chris-russell-ten-lettersBy Chris Russell.

Published by Darton Longman Todd.

I picked up this book because of the similarity of its title to the Henri Nouwen book ‘Letters for Mark about Jesus’ – which had touched me deeply when I read it in my early 20s. Like Nouwen, the author has used a series of apparently personal letters to real-life people to address a wider audience about the nature of God, faith and the Christian life. I wondered: could this be a Letters for Mark for the 21st Century? One the cover, Pete Ward, a professor of theology at King’s College London is quoted as saying: ‘One of the most profound, practical and deeply theological books I have read.’ Was he right? I settled down over three evenings to find out.

Well yes and no. Some chapters touched and challenged me deeply – such as the chapter to ‘Eddie’ whose healing prayers for his dying father (‘in the name of Jesus’) had ‘failed’. And the chapter to his friend Marie who doesn’t believe she needs to be part of a church community to be a Christian. I must admit I couldn’t finish the letter to Tommy, his 12-month-old nephew who had died when he was struck by a falling lamppost in aLondonstreet. The questions Russell was asking about why God allows so much pain and suffering in the world; were just too close to the bone. I will go back and finish that letter – perhaps when I’m feeling less fragile.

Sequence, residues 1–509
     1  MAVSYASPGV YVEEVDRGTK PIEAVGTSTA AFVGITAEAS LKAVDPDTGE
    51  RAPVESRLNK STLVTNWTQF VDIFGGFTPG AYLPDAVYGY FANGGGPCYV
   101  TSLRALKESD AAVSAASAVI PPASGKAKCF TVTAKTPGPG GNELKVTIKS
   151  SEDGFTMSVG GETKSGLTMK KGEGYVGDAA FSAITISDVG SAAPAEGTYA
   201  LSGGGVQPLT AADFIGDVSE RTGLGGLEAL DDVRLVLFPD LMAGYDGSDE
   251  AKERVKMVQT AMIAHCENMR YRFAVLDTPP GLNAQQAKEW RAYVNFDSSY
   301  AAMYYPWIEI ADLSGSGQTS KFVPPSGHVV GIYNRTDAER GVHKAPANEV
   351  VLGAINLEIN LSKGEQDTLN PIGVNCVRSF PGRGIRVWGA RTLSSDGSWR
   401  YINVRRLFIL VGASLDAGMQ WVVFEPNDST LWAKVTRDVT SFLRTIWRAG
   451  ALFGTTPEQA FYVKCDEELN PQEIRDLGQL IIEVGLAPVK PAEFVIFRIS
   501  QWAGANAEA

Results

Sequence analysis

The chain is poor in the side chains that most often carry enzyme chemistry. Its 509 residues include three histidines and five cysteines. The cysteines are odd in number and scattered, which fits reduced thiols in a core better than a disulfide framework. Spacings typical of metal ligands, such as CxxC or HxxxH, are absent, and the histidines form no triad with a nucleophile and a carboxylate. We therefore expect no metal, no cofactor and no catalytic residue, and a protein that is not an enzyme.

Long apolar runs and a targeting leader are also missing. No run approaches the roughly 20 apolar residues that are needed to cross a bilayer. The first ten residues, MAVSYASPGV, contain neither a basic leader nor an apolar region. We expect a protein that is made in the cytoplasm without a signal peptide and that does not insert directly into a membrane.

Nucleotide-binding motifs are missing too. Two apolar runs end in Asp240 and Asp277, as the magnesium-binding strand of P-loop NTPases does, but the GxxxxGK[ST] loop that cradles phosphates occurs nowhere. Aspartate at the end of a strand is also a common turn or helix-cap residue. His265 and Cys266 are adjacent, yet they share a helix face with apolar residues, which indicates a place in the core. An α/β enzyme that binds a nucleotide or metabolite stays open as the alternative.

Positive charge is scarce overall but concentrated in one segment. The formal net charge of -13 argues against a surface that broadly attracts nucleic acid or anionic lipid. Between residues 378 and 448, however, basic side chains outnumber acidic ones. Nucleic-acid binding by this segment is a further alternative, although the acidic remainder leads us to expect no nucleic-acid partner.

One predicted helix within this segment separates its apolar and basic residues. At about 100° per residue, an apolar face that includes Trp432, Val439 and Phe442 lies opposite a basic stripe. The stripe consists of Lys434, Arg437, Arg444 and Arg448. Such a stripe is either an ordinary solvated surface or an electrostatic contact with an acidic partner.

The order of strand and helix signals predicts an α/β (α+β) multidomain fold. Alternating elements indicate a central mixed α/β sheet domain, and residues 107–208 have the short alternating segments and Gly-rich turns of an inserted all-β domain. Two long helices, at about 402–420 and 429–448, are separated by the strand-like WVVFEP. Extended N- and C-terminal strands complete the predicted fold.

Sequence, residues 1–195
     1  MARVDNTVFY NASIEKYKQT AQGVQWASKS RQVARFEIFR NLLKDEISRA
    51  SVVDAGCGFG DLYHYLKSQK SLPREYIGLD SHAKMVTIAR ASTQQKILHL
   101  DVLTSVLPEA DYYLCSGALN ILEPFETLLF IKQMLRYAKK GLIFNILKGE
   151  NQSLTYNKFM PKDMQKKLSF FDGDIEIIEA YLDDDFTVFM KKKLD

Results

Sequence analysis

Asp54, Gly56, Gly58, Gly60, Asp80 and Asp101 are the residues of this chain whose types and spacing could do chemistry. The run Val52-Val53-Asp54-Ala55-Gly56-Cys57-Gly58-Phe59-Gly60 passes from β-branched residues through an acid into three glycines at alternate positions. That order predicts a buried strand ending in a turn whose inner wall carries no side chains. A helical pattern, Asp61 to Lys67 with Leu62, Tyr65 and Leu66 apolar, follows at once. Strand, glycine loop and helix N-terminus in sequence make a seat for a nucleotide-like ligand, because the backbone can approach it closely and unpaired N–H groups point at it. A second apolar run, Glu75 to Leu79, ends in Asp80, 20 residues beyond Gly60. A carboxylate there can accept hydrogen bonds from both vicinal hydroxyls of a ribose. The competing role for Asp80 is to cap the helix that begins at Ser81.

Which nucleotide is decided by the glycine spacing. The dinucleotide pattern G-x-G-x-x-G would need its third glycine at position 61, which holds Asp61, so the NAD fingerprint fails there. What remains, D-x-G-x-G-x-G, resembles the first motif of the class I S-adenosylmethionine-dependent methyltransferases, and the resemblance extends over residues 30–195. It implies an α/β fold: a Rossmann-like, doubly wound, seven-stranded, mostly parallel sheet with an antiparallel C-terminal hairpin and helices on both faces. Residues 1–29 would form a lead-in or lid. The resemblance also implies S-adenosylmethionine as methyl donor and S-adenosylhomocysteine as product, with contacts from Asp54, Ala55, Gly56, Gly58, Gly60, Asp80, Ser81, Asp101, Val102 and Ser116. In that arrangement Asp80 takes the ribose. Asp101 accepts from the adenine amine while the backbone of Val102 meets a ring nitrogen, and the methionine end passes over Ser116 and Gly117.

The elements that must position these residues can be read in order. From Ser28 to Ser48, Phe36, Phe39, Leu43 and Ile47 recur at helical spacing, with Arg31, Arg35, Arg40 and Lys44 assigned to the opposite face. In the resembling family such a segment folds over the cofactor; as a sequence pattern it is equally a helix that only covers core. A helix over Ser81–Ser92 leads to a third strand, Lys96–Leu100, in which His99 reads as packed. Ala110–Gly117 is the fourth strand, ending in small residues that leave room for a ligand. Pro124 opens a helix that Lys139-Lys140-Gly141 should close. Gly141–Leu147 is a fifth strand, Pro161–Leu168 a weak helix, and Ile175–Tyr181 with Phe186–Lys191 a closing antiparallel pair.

However, there were other letters that didn’t touch me or challenge me in the same way. I came out of the letter to his worship-leader friend, Gemma, feeling that I had learnt nothing new; I felt the same way about sin in the letter to his atheist friend, Jonny. But that perhaps is because I am not an atheist and have what I might call a ‘healthy’ awareness of what sin is on a personal and corporate level. I have also spent many years thinking about and contemplating the nature of worship. So rather than a weakness of the book, I see this as inevitable in a work that is addressing so many different ‘types’ of people at different stages of their spiritual walk. Other readers may find these letters deeply challenging, and the ones that touched me, less so.

If you like books that don’t come from a ‘this is what the bible says so we can be in no doubt about it’ position, then you will not be disappointed. Russell, who is a vicar in the Church of England, could be described as a left-leaning evangelical. Some would say ‘Third Way’, but I think Russell himself would object to that label. However, if you do like books that come from a more fundamentalist tradition, then I would challenge you to read it too as it may just give you a framework to allow for the doubts we all have. I grew up in a (dare I say) right-leaning evangelical church. However, over the last 15 years I’ve felt the theological framework I had been given no longer fit the reality of my life or faith. Books like Russell’s (and Phillip Yancey’s and Eugene Petersen’s and Tom Wright’s and Henri Nouwen’s) have helped me stretch my boundaries and still allowed me to call myself a Christian. Let me know if it does the same for you.